Figure 2 of the accompanying drawings shows the increase in strength of the tested tensile bars at different barrel temperatures. It will be seen that the tensile strength of the bars increases markedly with increasing dose, for a given barrel temperature; and that, for a given dose, raising the barrel temperature tends to reduce the effect.

WHAT I CLAIM IS: 1. A method of processing an amorphous or semi-crystalline thermoplastic polymer which method comprises cross-linking the polymer in particulate form and fabricating the so-crosslinked polymer by injection moulding or fibre spinning such that there is obtained a fabricated polymer of enhanced tensile strength.

2. A method according to claim 1 wherein the cross-linking is effected by irradiation of the polymer with up to 10M Rads.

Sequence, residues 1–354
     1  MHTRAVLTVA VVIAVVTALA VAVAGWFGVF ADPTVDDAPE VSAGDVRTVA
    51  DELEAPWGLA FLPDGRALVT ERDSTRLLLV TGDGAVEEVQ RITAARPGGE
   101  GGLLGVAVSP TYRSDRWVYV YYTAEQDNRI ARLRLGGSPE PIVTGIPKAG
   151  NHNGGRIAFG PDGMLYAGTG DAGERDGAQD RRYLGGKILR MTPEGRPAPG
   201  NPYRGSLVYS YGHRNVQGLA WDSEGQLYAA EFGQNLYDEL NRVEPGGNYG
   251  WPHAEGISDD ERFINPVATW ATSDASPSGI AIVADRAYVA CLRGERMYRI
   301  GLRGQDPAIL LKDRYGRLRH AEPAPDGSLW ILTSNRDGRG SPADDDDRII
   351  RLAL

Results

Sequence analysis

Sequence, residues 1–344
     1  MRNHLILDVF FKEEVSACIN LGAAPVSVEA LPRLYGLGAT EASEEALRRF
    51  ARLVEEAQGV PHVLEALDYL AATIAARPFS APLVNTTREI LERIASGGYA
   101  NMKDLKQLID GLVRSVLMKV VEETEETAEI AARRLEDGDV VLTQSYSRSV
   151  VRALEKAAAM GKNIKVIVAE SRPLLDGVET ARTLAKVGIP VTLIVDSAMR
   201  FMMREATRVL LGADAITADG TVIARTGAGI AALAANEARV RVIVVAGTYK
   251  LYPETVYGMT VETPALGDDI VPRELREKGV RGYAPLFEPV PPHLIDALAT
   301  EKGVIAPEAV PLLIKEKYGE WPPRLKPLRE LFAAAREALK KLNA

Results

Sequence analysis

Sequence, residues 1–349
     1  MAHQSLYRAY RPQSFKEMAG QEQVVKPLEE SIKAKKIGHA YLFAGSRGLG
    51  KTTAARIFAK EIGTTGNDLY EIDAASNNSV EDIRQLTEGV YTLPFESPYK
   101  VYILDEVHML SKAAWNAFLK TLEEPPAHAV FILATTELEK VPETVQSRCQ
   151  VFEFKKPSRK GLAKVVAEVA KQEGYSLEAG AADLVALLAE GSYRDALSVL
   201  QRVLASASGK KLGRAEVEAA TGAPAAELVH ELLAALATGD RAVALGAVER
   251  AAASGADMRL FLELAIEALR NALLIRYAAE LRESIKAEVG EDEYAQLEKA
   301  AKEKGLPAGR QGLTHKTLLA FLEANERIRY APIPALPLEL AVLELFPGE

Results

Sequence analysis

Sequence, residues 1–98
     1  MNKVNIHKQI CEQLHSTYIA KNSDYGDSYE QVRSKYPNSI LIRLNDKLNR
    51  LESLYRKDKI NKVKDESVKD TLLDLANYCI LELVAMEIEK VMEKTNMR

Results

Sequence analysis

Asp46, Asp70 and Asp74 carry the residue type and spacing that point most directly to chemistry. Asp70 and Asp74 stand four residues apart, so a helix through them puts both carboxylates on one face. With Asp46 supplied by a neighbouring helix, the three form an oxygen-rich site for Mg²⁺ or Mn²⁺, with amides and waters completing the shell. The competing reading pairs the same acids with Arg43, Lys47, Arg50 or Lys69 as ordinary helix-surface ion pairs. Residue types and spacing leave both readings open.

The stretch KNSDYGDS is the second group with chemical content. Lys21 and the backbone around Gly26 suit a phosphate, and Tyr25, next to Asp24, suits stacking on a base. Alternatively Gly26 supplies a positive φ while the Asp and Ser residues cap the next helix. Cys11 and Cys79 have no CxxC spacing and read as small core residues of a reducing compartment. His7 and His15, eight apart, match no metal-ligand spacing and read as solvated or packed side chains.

3. A method according to claim 2 wherein the irradiation is effected with electron beam or y-radiation.

4. A method according to claim 1 wherein the polymer is chemically cross-linked.

5. A method according to claim 4 wherein an organic peroxide is used as chemical cross-linking agent.

6. A method according to any one of claims 1 to 5 wherein the polymer is a high density polyethylene.

**WARNING** end of DESC field may overlap start of CLMS **.

Claims (9)